Also in this case it is proved that the fluid consumption may be reduced to practically negligible values (corresponding to less than 1/1,000 of the rated output of the motor). Finally, it will be seen that when the motor rotates at a relatively high speed, the hydrodynamic shoes disposed at the outer periphery of the barrel will take over the barrel supporting action. By means of proper calculation it will be possible, according to the desired operating speed, to determine the speed whereat the passage from hydrostatic lift to hydrodynamic lift (through the shoes) will take place. It will be seen that the pressure losses in this motor will not exceed those of a motor balanced by means of a hydrodynamic shoe, and also that this barrel balancing method is applicable to hydraulic motors of all sizes.
FIG. 4 shows another form of embodiment of this invention wherein the distributor plate 2a comprises four hydrostatic bearings S22 each supplied via a duct 23 having a separate pressure loss, said bearings being interposed between the peripheral hydrodynamic shoes 16c. With this arrangement a real adjustment of the barrel position in relation to the distributor plate can be achieved, in contrast to the preceding form of embodiment wherein the single additional reaction surface S2 definitely precluded this adjustment.
The above described device is applicable to all pumps and motors of the type comprising a multi-cylinder barrel and a flat or spheroidal distributor plate.
This arrangement is particularly advantageous in the case of hydraulic motors for which starting under full-load conditions is a frequent requirement. This is observed notably in the case of hydrostatic transmission motors of automotive vehicles (passengers vehicles, trucks and more particularly public works vehicles and agricultural machines). A specific feature characterizing the arrangement of this invention is that its component elements can be manufactured easily and economically, for example by using parts of sintered metal.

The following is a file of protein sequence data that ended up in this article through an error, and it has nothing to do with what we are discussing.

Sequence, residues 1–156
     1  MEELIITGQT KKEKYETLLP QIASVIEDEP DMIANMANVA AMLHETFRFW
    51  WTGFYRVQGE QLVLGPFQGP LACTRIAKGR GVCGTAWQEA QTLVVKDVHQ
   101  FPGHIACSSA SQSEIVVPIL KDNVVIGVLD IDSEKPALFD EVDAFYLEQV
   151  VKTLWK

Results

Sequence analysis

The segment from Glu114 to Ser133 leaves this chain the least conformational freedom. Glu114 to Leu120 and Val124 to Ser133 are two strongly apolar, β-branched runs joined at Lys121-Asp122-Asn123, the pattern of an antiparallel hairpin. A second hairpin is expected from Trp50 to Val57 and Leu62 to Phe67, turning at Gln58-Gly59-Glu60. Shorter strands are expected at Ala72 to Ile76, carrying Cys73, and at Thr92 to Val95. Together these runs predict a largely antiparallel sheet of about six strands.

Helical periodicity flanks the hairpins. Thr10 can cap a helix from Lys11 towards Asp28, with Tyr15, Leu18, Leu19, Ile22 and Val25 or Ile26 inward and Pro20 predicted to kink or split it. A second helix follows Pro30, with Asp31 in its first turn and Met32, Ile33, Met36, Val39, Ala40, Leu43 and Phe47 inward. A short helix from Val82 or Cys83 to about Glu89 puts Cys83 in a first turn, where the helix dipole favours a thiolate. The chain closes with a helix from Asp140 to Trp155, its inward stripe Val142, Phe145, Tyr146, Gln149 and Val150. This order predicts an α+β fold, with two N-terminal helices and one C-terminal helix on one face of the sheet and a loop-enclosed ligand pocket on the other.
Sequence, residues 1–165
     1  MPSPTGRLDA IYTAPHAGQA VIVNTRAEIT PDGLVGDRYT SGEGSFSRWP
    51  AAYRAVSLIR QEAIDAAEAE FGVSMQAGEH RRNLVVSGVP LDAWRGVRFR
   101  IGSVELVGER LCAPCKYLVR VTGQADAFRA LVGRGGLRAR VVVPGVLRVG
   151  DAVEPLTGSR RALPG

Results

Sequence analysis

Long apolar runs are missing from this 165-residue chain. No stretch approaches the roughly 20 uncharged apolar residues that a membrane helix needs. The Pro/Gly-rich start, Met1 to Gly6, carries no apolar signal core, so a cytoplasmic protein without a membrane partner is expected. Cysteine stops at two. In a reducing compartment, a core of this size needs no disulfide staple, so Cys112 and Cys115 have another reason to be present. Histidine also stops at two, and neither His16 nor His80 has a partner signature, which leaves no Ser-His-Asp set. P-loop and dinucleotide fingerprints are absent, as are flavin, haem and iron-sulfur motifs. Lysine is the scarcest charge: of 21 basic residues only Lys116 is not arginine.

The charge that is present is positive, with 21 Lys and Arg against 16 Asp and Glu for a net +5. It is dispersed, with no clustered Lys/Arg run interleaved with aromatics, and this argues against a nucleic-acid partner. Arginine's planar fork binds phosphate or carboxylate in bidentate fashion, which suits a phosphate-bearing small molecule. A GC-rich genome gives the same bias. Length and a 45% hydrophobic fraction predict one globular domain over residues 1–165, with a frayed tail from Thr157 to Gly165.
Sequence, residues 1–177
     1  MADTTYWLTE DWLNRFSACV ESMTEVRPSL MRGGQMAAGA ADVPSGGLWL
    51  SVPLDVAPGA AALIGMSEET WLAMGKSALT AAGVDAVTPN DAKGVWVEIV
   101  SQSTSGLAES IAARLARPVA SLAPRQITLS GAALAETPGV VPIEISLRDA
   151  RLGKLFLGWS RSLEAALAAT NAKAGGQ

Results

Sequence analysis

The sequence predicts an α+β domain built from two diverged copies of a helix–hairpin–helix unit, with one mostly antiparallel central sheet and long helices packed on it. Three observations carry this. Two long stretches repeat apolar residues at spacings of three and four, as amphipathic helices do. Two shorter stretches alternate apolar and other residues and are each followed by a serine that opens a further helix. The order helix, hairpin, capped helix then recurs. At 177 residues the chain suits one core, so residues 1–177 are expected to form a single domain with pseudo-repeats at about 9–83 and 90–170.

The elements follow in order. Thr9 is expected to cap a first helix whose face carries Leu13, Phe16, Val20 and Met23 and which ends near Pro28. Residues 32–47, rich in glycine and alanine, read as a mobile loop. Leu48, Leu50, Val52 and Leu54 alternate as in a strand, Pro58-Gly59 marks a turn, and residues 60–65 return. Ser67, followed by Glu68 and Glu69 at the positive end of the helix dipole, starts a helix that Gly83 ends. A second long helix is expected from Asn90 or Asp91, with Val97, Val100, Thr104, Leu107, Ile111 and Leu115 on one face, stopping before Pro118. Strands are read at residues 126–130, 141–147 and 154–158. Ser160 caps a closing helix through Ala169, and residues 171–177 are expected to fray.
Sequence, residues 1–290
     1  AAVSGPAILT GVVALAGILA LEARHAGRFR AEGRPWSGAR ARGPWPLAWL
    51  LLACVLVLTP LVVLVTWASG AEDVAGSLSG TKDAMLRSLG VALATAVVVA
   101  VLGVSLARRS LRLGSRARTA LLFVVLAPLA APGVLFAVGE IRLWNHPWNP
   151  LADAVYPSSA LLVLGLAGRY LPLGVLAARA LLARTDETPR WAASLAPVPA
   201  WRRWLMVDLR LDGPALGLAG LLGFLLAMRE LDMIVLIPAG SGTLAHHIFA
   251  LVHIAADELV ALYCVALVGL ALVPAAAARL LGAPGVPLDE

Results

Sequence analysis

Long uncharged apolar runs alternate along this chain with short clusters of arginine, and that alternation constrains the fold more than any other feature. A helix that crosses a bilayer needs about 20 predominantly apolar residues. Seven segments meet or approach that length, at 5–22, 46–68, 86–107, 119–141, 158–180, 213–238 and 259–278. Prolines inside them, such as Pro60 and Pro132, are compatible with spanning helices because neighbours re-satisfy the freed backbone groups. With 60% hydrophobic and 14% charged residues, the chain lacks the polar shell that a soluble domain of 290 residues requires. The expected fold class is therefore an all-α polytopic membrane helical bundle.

The balancing device is also applicable to the distributor plate :
of hydraulic, axial-piston pumps and motors wherein the distribution slide face is a surface of revolution of which the axis merges with the axis of rotation of the cylinder block,
of pumps and motors wherein the cylinder block held against but the distributor plate, either plane or of revolution, rotates.
This method of balancing axial forces is also applicable to the impeller or swash plate supporting the ball-joints or heads of the connecting-rods of the pistons of a pump or motor of the broken axis type, in case the axial stress transmitted through the piston rods are already absorbed by means of a hydrostatic bearing. A typical example of such impeller or swash plate is described in detail in the French Pat. application No. 69/19519 of June 12, 1969, the impeller or swash plate comprising on one face orifices registering with ports formed in a fixed slide face. These ports are supplied with a fluid under pressure. The other face of the plate comprises cavities for receiving the ball-shaped heads of the pistons-supporting connecting-rods.
This axial-force balancing method is also applicable to radial-piston pumps and motors wherein the fluid distribution takes place through the medium of a flat distributor plate. In this case the orifices such as 10 are connected to cylinders disposed at right angles to the axis of rotation of the cylinder block and the "floating" distributor plate is urged against the cylinder block by an external force derived in general from the fluid supply pressure.
Although a few forms of embodiment of this invention have been described, illustrated and suggested herein, it will readily occur to those conversant with the art that various modifications and changes may be brought thereto within the scope of the present invention, without departing from the basic principles thereof as set forth in the appended claims.